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Snoring and high blood pressure: A Killer Combination

Updated on January 3, 2011

Snoring and high blood pressure: A Killer Combination

Snoring and high blood pressure: A Killer Combination

Snoring and high blood pressure are indeed profoundly related to each other. Snoring has long been linked to several social, personal and health problems. Despite this fact, no one would ever imagine that snoring could ever be linked to hypertension or high blood pressure. Snoring has undeniably been ignored and sidelined for a long time now.

Doctors are yet to find a patient who has rushed to them for consultation or treatment at the first instance of snoring. The reasons for taking snoring for granted and ignoring the need for treatment for this problem, remain very ambiguous to the medical community. Why is that people rush to a doctor at the first sneeze or cough, but fail to see a doctor for snoring even after they have been going through it for several years?

What has the recent research revealed about snoring?

The medical fraternity has been busying itself in conducting various researches and studies on snoring and its effect on health. A new research conducted in Penn State's College of Medicine, reveals that snoring and high blood pressure could go hand in hand.

Who were selected?

Around 1741 people were subjected to this study and all of them were between ages of 20 and 100. A section of this study was conducted on young snorers with no other sleep related problems, and the results proved that they had a high possibility of developing high blood pressure owing to their regular snoring.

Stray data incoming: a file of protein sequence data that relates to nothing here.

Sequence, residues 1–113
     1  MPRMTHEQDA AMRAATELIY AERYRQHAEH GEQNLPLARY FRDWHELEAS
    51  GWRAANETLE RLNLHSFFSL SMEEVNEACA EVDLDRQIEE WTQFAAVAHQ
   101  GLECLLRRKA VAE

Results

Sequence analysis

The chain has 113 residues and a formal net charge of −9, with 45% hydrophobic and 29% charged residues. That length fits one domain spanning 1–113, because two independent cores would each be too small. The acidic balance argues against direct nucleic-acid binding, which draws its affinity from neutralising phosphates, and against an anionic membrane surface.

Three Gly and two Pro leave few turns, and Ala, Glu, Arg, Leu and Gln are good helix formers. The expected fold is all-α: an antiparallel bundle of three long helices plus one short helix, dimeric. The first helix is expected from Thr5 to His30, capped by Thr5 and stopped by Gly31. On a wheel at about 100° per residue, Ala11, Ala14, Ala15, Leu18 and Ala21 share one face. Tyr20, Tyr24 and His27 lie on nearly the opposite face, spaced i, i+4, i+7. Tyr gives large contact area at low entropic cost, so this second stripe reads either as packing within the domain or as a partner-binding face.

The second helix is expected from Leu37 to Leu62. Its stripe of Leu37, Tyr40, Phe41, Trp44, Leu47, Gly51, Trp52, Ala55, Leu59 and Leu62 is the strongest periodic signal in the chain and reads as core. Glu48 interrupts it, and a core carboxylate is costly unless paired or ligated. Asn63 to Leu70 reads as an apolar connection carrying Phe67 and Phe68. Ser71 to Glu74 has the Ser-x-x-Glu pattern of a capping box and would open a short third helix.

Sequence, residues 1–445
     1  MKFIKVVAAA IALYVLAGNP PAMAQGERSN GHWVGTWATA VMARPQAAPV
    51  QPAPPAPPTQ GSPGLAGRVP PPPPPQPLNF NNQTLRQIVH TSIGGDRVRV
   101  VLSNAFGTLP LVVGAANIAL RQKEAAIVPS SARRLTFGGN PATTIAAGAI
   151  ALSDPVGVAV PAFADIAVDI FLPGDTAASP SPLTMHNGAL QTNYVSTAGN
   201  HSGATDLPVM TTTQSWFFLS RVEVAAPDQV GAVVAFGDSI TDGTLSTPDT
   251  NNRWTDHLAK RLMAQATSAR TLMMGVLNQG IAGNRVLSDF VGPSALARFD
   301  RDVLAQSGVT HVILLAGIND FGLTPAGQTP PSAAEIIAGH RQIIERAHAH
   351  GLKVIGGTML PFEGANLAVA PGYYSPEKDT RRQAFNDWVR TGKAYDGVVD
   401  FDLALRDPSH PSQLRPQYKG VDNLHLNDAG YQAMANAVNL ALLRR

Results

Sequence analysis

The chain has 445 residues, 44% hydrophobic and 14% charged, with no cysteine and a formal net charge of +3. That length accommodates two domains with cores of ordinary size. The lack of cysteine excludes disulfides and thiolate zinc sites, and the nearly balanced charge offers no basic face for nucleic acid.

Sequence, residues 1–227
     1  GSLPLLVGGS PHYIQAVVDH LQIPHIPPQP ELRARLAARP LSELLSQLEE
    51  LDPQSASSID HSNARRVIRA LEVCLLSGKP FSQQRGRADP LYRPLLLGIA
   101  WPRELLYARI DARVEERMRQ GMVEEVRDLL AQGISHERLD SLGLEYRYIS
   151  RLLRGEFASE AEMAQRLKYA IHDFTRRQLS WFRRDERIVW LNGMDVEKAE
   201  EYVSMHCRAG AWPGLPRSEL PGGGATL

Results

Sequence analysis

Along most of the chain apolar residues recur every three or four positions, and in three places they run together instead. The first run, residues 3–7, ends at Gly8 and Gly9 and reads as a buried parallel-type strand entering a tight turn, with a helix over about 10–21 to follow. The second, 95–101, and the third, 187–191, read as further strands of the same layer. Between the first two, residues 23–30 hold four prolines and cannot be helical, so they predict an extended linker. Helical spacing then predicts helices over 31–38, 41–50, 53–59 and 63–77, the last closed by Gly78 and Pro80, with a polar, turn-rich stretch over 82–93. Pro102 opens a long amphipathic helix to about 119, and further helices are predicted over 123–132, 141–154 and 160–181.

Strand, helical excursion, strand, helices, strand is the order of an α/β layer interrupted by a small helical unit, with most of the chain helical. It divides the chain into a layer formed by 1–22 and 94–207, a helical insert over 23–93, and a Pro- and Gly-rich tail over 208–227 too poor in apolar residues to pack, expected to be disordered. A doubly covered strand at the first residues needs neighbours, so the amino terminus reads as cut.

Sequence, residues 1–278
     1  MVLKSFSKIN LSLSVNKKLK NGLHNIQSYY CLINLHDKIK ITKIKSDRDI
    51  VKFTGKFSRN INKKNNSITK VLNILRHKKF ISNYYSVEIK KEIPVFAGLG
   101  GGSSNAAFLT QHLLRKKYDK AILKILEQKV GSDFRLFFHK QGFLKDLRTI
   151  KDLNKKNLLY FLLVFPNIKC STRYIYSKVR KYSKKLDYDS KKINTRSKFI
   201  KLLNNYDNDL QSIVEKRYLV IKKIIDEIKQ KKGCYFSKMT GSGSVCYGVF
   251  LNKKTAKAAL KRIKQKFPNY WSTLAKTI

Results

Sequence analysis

Sleep Apnoea and high blood pressure

Another part of this study group consisted of people who were suffering from sleep apnoea. The study conducted on this group revealed that patients who suffer from sleep apnoea stand 7 times more chance of developing high blood pressure, than the people who had no sleep related problems.

What was the final conclusion of this research?

The final conclusion of the entire study was that snoring, sleep disorders and high blood pressure were co-related. And the relation between these 3 was directly proportional. This meant that more severe the sleep problems like apnoea or snoring, higher would be the levels of blood pressure.

What does all this mean to you?

So that simply means that, the longer you have been suffering from snoring or sleep related issues, the higher your blood pressure levels could be. Additionally if you are a snorer and suffer from mild level of sleep apnoea, then you stand 2.5 times more risk of developing high blood pressure. If you have only snoring without any trace of sleep apnoea, then your chances for hypertension are just 1.5 times.

What about the link between Obesity and high blood pressure?

While the general notion is that more heavier the body weight, more intense could be the risk for developing high blood pressure; the research studies reveal that you could still develop hypertension, even if you have normal body weight and are still young, but suffer from snoring.

Can snoring kill a person?

Yes, it definitely could kill a person. Considering the fact that snoring and high blood pressure are so deeply connected and related, snoring could very well kill a person. High blood pressure is a direct threat to your heart and brain and is a leading cause of cardiovascular disease and stroke. Cardiovascular ailments are the number one cause of death in the United States.

What should you do?

So now this means that you have to stop disregarding the issue of snoring and quit thinking of it as a mere nuisance or annoying habit. Snoring could be the beginning of many chronic and life threatening disorders in the years to come, so it is better to get your self diagnosed thoroughly and treated for snoring; before it can maim or kill you.


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